Jim thinks the dog in the picture is a detective dog. Bonnie thinks he's a fashionista trying on shoes. Nancy insists that he belongs to Pedro Pete (a character she recalls from last storytelling session), the illegal immigrant, and the dog stealing in the house while Pedro Pete cleans out the barn.
Wishbone, the dog, lost his master, but he knows shoes. That last master, named Matilda, must be a dancer because the shoes in the picture look like dancing shoes. Wishbone wants to be a dancer, too.
Nancy, looking closely at the shoes, contends these are not dancing shoes. Those are stretchers on the shoes, so Matilda must have been buying cheap bargain shoes that are too small for her feet.
Wishbone is listening to see if someone is coming. He's just curious, not afraid of who's coming. Jim suggests it might be Pedro Pete, the husband of Matilda, who is coming. Both Pedro Pete and Matilda like to steal things, and they are training Wishbone to help them. Jim says Wishbone is the lookout. This scene could be in someone's house, while Nancy says it could be in a shoe store, and Bonnie says in a shoe repair shop since the shoes are on stretchers. Bonnie says there might be sounds of police sirens or doorbells.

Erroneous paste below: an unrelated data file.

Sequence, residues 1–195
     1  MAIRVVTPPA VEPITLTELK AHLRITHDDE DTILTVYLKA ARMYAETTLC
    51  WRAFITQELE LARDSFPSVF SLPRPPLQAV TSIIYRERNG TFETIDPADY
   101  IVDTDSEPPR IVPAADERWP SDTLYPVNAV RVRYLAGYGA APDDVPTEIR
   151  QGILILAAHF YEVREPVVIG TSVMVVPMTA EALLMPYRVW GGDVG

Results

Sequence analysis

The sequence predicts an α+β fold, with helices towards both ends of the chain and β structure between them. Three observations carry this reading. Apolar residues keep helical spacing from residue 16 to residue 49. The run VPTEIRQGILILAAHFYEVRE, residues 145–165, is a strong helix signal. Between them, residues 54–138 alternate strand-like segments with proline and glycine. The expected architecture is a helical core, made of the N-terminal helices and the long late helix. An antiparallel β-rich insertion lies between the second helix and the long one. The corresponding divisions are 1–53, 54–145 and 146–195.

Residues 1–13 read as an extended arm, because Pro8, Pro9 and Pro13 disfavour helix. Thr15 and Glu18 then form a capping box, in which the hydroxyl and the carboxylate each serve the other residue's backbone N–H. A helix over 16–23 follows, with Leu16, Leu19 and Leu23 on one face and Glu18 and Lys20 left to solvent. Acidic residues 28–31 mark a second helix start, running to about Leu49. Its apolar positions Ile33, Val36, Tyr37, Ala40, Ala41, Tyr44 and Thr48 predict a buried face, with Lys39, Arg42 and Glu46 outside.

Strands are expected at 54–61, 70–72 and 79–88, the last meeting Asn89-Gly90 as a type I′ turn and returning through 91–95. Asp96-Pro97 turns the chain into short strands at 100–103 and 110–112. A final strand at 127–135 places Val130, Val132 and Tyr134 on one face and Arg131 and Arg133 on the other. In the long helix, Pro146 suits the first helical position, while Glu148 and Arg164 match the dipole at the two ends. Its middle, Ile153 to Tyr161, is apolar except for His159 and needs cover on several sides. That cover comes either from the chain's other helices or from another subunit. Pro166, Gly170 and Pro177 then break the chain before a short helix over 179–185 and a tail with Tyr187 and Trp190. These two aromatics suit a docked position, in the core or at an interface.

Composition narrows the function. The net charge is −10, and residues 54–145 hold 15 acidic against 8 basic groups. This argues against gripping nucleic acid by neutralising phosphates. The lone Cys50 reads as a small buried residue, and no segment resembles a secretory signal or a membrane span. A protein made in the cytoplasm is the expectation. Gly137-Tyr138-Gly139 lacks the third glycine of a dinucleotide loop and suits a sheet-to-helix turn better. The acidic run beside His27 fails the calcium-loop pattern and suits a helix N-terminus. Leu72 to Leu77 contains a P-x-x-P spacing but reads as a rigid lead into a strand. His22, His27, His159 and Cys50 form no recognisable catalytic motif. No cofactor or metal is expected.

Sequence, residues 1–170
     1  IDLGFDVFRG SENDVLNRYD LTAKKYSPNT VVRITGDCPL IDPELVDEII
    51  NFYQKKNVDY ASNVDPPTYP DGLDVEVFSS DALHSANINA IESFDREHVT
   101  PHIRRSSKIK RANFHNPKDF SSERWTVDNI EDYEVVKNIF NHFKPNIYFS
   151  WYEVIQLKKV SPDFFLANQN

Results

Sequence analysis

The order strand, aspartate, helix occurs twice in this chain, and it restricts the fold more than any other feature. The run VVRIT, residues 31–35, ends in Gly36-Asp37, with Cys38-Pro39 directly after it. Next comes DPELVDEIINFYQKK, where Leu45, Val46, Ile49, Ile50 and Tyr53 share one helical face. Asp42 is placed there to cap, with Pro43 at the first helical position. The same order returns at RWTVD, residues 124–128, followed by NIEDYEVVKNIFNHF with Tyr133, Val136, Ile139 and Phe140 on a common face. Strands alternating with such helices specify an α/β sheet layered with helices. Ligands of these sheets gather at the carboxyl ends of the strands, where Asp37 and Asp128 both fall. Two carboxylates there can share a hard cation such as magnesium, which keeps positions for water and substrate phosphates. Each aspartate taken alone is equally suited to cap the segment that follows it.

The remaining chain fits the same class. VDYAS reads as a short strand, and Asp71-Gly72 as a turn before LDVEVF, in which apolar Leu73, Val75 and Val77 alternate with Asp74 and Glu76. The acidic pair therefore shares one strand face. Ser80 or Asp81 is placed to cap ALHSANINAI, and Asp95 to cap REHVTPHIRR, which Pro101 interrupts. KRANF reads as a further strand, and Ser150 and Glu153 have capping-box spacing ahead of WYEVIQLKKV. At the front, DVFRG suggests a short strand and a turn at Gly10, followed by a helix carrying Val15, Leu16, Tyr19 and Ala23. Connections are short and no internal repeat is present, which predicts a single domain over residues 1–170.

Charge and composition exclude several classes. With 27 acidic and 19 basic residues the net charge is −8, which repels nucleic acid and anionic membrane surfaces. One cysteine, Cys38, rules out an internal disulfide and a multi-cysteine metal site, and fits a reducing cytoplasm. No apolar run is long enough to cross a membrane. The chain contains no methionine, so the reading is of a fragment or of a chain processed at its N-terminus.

Bonnie thinks Wishbone gets caught by the police, but the dog will put on his innocent act. Matilda and Pedro left Wishbone there to take the rap. But wittily Nancy says, "Wishbone is like the Bush's baked bean dog: He's not going to talk." The moral of the story, Nancy concludes, is that you need to have a dog for a lookout. The end.